In the Red Army, Govorov served exemplaryly and quickly climbed the ladder of a military career. In 1926, he graduated from the Artillery advanced courses, then - Higher Artillery Courses, studying at the Military Academy and the Academy of the General Staff. By the beginning of the war with Germany, Govorov was already in the post of the head of the Dzerzhinsky Artillery Academy. By the way, shortly before that, he independently learned German and even passed the exam for a military translator. He was sure that it was with Germany that he would soon have to fight again.
Such as Govorov, military leaders with higher education in the Red Army was not too much. Especially after merciless purges on the eve of the war. It is not clear how Govorov survived in them - with such a biography as his, it was very difficult. After all, he was not even a member of the party. Or maybe, on the contrary, this is exactly what helped him? Govorov was aloof from intrigue, and, moreover, distinguished himself upon breaking through the Mannerheim Line, for which he was awarded the Order of the Red Star. In practice, he showed how to break through the impregnable defense of reinforced concrete pillboxes: with the fire of the guns of the largest caliber, direct fire from the closest possible distances to clear the way for an attack. During this period, the newspaper Krasnaya Zvezda began a discussion about the role of artillery in modern warfare. The division commander Govorov, who looked far ahead, defining the place of artillery in future battles and new principles for its use in offensive and defensive battles, made a report on this topic at a military-scientific conference. It is no coincidence that later they began to call him "the god of artillery."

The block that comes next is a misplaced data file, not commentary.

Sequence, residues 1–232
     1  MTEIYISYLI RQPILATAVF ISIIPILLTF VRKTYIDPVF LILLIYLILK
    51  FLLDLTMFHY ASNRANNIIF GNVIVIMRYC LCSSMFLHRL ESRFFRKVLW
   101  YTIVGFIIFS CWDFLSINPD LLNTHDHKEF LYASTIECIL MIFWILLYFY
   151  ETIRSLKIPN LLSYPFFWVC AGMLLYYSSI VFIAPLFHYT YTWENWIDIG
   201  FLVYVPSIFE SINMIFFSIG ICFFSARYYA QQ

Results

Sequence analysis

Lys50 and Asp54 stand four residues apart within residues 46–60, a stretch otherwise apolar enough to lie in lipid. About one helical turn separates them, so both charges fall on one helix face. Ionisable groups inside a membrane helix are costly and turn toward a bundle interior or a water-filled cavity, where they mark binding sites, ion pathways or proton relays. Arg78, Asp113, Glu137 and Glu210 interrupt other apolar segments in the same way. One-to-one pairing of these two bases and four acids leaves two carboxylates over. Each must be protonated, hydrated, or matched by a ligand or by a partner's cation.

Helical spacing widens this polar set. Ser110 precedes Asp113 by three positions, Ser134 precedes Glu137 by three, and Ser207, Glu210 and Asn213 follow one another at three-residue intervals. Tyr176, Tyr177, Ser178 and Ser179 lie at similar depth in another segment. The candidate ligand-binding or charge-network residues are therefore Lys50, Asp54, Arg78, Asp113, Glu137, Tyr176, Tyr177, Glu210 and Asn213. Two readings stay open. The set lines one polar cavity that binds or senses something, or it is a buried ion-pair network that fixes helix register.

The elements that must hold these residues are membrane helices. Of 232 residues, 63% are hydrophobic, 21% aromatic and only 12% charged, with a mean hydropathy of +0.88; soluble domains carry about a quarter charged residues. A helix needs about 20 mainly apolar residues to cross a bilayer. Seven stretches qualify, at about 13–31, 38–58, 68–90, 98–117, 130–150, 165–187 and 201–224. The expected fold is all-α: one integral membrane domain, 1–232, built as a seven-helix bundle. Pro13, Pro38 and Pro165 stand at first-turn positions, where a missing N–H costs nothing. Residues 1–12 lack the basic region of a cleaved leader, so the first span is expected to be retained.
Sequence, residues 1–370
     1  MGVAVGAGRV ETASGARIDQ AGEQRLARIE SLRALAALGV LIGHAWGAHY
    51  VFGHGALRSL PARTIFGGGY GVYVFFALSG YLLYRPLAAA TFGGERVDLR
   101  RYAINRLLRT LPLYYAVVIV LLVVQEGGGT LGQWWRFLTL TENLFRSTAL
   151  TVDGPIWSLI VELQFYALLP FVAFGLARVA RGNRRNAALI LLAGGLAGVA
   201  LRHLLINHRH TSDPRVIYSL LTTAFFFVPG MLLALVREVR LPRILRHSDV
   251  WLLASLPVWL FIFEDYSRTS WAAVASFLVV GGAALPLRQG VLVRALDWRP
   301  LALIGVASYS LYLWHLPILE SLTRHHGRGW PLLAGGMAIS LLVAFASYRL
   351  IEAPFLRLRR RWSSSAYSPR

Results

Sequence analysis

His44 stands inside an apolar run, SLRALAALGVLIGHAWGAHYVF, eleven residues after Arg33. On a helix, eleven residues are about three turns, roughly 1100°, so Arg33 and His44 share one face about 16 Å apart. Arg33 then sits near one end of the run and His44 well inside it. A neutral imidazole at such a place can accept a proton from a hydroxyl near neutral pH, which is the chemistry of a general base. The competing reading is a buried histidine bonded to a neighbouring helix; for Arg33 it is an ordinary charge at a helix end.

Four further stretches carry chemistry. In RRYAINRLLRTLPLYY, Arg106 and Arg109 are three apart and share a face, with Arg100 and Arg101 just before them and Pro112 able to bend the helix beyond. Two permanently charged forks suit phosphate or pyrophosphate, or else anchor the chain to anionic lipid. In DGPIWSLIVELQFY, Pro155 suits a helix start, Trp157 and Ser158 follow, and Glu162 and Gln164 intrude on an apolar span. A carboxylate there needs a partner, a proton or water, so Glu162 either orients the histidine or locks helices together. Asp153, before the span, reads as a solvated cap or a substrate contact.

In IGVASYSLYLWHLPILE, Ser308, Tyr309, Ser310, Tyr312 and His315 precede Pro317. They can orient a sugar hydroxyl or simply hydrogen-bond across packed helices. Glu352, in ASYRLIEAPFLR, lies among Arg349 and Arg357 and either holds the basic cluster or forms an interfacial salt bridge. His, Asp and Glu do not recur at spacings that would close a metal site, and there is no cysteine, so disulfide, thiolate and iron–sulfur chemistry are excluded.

With the beginning of the Great Patriotic War, the military talents of the future marshal appeared most clearly. In the midst of fighting for Moscow, in October 1941, Major General Artillery Govorov was appointed commander of the 5 Army, which led the hardest defensive battles on the outskirts of Moscow in the Mozhaisk direction. For the first time in the military stories the command of the combined-arms association was entrusted not only to the general, but to the general from artillery.
Govorov received his baptism of fire as an army commander on the Borodino field. On his initiative, anti-tank areas and reserves were created for the first time, which played a huge role in repelling massive tank attacks by German troops. Govorov made extensive use of mobile detachments and ambushes to combat enemy tanks. The enemy was stopped at Borodino for almost six whole days, suffering heavy losses. But the forces were unequal, and Govorov convinced the commander of the Western Front, Georgy Zhukov, of the need to retreat to the defensive line in the Zvenigorod area. Georgy Konstantinovich gave the go-ahead, though he set a condition: in case of failure, Govorov will answer to the fullest extent of wartime. But he did not have to answer, Govorov was right: he managed to withdraw the troops in an organized manner, to stabilize the front. In the midst of defensive battles, in November 1941, Govorov's merits in disrupting the enemy's offensive against Moscow were awarded the Order of Lenin.